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Posted September 20, 2019
By Nellie Vinograd
Trilling or vocal trilling is defined technically as a rapid alternation between two notes, most often in a high register sung by a soprano or tenor and should not be confused with lip trills. At first listen, trilling might seem like an intensely shaky vibrato, but it’s in fact a very careful, technical move that can add a stunning aesthetic to a piece of music. In short, it’s a great way to show off your abilities without being too obvious about it. You may come across a term called the uvular trill, which is a vibration like the rolled “Rrr” sound in Spanish and Italian. While these are both helpful singing concepts, the classical vocal trill is the focus here.
Ideal vocal trilling is balanced but still quite rapid. One of the most famous “trillers” in history is the opera singer Joan Sutherland: look up her recordings to hear her beautiful, bird-like trills.
If you want to learn a little bit about vibrato, check out our tutorial on this very similar technique below.
Want to sing like a songbird? It’s time to learn about vocal trilling. Trilling is a musical ornamentation (think a decorative addition to a song) that became popularized in Western music in the 18th century and has gone through waves of popularity depending on the musical styles of the day. If you plan to sing classical music or songs from operas (especially ones written in the 1700s-1800s), there’s a good chance your music will include trills or have options to add a trill to a sustained high note.
Just as is the case with techniques like whistle register and belting, the vocal trill is not an ability that every singer can master. It requires a lot of practice and focus, and even singers who are able to trill can sometimes struggle with creating a balanced trill. An important thing to keep in mind when learning to trill is to trust your vocal muscles and relax as much as possible. Because of the rapid movement, releasing control and letting go of any tightness or rigidness in your throat and other muscles will be essential. Think of the sound you’re creating as a babbling brook, and imagine how that oscillating sound differs from the straight sound of water running through a tap.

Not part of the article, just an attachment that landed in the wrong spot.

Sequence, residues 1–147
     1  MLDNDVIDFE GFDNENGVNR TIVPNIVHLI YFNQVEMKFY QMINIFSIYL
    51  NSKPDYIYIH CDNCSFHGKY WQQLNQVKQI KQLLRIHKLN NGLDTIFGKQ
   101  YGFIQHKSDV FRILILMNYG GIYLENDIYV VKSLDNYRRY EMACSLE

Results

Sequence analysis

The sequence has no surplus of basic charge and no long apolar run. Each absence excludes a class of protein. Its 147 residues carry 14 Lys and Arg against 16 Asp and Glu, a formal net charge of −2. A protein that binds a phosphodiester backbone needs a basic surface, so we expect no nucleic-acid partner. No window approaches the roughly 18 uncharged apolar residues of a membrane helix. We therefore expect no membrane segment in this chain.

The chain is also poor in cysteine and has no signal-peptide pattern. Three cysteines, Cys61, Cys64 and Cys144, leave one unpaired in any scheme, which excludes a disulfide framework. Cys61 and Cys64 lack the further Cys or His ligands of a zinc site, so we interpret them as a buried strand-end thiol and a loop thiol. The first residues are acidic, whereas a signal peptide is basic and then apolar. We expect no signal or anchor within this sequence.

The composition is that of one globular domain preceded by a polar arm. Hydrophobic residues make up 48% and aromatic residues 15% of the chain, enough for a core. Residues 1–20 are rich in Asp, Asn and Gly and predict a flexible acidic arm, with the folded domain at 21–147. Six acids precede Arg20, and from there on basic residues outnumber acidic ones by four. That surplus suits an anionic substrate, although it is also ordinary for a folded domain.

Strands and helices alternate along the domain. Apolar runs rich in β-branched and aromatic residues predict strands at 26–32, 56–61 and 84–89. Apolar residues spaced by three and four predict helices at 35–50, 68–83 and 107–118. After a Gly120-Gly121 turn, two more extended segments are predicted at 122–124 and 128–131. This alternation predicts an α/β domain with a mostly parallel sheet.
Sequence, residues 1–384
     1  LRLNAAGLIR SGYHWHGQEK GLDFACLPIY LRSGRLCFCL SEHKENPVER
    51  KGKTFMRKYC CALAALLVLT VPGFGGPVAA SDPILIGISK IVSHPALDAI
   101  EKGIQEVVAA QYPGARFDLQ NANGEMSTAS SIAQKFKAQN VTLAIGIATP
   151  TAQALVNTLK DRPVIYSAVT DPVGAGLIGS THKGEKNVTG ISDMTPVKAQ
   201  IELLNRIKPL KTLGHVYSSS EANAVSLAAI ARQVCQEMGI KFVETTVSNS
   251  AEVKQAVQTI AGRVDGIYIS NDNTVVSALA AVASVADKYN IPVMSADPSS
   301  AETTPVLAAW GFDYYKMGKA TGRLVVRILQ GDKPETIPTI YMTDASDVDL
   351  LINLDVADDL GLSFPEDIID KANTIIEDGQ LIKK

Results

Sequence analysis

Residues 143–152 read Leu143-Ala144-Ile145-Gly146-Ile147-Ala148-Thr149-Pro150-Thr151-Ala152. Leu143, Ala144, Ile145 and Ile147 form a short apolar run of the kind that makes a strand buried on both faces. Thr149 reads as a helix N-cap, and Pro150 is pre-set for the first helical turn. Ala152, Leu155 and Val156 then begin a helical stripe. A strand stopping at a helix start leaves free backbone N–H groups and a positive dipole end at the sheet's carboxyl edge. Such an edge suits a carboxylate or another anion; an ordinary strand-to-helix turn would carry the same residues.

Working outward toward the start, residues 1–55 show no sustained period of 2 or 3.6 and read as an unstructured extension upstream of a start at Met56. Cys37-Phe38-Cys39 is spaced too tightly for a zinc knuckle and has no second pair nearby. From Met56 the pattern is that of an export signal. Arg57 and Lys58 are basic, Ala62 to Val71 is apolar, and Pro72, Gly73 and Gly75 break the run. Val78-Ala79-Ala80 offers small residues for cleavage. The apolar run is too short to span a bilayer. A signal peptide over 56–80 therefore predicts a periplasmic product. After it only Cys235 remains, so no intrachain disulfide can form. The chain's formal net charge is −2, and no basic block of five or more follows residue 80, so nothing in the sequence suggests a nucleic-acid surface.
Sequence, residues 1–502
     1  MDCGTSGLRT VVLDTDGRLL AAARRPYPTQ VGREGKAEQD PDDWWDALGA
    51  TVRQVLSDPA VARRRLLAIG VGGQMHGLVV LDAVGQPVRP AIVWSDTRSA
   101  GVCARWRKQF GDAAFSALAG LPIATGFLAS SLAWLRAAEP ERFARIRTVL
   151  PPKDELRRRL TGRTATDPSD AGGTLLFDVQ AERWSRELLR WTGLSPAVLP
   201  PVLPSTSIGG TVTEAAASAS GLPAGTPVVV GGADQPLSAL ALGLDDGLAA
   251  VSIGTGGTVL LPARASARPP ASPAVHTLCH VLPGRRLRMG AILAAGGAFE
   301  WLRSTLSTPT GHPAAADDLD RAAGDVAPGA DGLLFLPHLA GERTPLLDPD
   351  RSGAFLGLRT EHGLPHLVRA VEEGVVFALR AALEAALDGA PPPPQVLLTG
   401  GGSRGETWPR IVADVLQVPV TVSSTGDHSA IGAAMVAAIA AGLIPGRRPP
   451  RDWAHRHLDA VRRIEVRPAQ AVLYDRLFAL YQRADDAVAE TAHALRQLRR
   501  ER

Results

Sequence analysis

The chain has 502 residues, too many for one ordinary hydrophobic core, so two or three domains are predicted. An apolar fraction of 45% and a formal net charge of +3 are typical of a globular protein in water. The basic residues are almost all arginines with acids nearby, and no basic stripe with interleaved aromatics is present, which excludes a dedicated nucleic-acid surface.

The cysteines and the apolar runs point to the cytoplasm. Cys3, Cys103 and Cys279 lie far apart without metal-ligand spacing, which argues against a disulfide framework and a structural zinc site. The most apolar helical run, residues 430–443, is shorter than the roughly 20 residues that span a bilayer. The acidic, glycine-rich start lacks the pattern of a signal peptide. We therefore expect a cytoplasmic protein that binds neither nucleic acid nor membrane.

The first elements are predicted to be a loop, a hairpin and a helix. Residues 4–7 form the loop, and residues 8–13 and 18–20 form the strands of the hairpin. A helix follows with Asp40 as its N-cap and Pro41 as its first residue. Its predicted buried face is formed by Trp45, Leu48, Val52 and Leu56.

To begin learning how to trill, start slow. After warming up, begin alternating between two notes and gradually begin increasing the rapidness with which you’re singing them. It can be helpful to start in the “middle voice” – that is, not too high, not too low, but where you feel most comfortable starting out singing.
Once you get a good feel for the movement, breathing and the way your vocal muscles need to move in order to achieve this rapid change, you can try moving up your register to try out the trill in a higher pitch. Another option is to practice singing between intervals (such as thirds or perfect fourths) and increasing the rapidness with which you switch between the two until you create a smooth, balanced movement between the notes at a fast pace.
Once you’ve practiced some trill exercises, try diving right into the song you’ve chosen (or begin researching music that features interesting trills) and see if you can practice creating the sound in the moment. Again, relaxing the muscles and allowing the sound to easily release out of your vocal cords will be the best way to achieve the trill, so just keep trying until you feel comfortable with the technique.
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